A wildlife photographer and blogger, I spend my free time finding and photographing wildlife in different parts of the world. Check out my blog at https://www.thewildlifediaries.com/
Published February 16th 2018
Do go chasing waterfalls
Just an hour-and-a-half drive from Sydney city centre, Blue Mountains National Park is a spectacular wilderness escape. Extensive hiking trails, wild swimming holes, children-friendly camping grounds, jaw-dropping views - Blue Mountains have it all. The park is a nature photographer's dream.
One of the best spots to see and photograph the waterfalls in the Blue Mountains is the tranquil Valley of the Waters. The valley is aptly named - water is everywhere here.
The photographic journey stars from the top of Wentworth Falls - the most spectacular waterfall in the Blue Mountains. Follow the National Pass to the bottom of the first drop of the falls and get your camera ready. Here, the Falls break into a dozen smaller falls, as the cascading water makes its way over the rough terrain of sandstone blocks.
Next, follow the signs to Wentworth Pass and descend down the steep Slack stairs to the pool at the bottom of the second drop of Wentworth Falls. The stairs make for a hard climb, which makes the oasis of trickling water and cool air at the bottom of the falls all the more refreshing.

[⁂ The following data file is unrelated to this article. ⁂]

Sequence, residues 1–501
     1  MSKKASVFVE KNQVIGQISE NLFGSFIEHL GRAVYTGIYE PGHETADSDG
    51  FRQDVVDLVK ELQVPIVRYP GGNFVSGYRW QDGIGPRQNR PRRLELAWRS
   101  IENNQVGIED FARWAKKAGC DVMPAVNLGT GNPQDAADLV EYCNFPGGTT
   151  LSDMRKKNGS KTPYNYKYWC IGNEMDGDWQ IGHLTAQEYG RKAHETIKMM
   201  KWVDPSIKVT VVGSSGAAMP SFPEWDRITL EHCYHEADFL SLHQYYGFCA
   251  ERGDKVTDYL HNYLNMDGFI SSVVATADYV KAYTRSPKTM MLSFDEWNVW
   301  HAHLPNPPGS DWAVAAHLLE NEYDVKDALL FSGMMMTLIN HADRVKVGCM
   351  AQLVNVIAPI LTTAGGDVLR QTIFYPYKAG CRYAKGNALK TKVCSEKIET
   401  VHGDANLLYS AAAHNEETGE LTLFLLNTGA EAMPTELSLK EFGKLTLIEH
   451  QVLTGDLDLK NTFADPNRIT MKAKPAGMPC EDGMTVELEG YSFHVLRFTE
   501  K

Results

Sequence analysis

From here it is an easy 1.5-kilometer walk deeper into the Valley of the Waters. Once you cross the creek, you find yourself in a waterfall wonderland. Four waterfalls follow in quick succession: Lodore Falls, Sylvia Falls, Flat Rock Falls and Empress Falls.
The gurgling creek cascades over rocks all along the trail, offering even more photographic opportunities.
To photograph the falls you will need a sturdy tripod in order to reach slow shutter speeds necessary to create the liquid silk effect. Shutter speed of 15-20 seconds should be sufficient. A Polarizing or a Neutral Density filter is handy for lowering the shutter speed if needed.
The Valley of the Waters does not get as many visitors as Wentworth Falls, so you will have plenty of time to experiment with different viewpoints and camera setting. You may even find yourself completely alone on the trails for long periods of time.
As you wander from waterfall to waterfall you start to slowly climb out of the valley. Once you leave Empress Falls behind, the trail continues climbing until it reaches Empress and Queen Victoria lookouts. From here it's a short walk to Conservation Hut Cafe for a well-earned cup of coffee.